The Health and Safety Executive have announced that Mid Staffordshire NHS Foundation Trust is to face prosecution following the death of diabetic patient Gillian Astbury in April 2007, who died due to the failure of two nurses to administer insulin.

The Trust is to be prosecuted by the HSE under section 3 (1) of the Health and Safety at Work etc. Act 1974 for failing to comply with the general duty imposed on all organisations, to conduct their undertaking in such a way as to ensure, so far as is reasonably practicable, that employees and other persons (not being their employees) but who may be affected are not exposed to risks to their health and safety.

The HSE began its investigation earlier this year following the conclusion of the Public Inquiry into the failings of the Trust. The HSE have highlighted that the Trust ‘failed to devise, implement or properly manage structured and effective systems of communication for sharing patient information’. The HSE head of operations in the West Midlands stated that ‘there is sufficient evidence and it is in the public interest to bring criminal proceedings in this case.’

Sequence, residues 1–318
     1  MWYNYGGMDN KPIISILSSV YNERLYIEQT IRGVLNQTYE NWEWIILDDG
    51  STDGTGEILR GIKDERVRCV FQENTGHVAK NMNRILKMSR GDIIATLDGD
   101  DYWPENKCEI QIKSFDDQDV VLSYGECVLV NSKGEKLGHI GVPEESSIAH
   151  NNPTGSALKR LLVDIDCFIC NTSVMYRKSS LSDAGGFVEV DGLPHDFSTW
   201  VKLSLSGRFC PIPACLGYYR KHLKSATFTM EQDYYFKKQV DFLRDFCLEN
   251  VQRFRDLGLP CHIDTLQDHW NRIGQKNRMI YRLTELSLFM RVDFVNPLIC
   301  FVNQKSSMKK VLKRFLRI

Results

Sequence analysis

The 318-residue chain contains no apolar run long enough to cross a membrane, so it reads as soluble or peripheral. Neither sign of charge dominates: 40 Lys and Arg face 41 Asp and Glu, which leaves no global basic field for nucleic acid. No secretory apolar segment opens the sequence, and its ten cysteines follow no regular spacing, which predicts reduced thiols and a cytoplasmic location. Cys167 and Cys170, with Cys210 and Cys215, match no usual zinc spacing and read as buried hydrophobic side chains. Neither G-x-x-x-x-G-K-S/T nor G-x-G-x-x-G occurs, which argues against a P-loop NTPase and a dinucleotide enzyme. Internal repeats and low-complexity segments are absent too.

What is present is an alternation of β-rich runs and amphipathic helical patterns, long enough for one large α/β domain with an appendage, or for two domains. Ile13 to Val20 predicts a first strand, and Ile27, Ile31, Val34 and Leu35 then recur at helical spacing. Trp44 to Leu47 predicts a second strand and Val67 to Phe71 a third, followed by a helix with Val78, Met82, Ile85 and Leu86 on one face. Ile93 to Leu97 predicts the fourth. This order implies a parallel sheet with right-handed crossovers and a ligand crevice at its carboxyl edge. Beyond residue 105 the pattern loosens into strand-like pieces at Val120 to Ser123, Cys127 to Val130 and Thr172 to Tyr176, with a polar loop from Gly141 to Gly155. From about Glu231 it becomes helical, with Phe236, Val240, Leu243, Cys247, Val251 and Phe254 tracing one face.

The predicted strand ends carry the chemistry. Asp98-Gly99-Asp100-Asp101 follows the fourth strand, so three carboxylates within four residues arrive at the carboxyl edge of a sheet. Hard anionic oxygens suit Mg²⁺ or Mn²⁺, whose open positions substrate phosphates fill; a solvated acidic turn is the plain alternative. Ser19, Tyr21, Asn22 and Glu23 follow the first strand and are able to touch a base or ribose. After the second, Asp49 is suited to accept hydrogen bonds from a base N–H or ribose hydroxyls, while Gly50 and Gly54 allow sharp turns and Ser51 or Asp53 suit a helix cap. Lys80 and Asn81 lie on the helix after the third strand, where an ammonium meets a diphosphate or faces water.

The HSE’s decision to prosecute is notable as historically, it is particularly rare for the HSE to bring prosecutions against the NHS for want of patient care. However, in July 2012 a joint investigation led by the HSE and local authority also resulted in the prosecution of an NHS Trust as a result of health and safety failings.  Along with the owner of a care home, the trust was found guilty under s.3 (1) of the Health and Safety at Work etc. Act 1974, resulting in a fine with costs totaling over £890,000, following the fatal stabbing of a care worker.

It is suggested that while these cases have been relatively rare in the past, recent developments are an indication of the HSE’s widening approach to enforcement action.  The first hearing will take place at Stafford Magistrates’ Court on 9 October.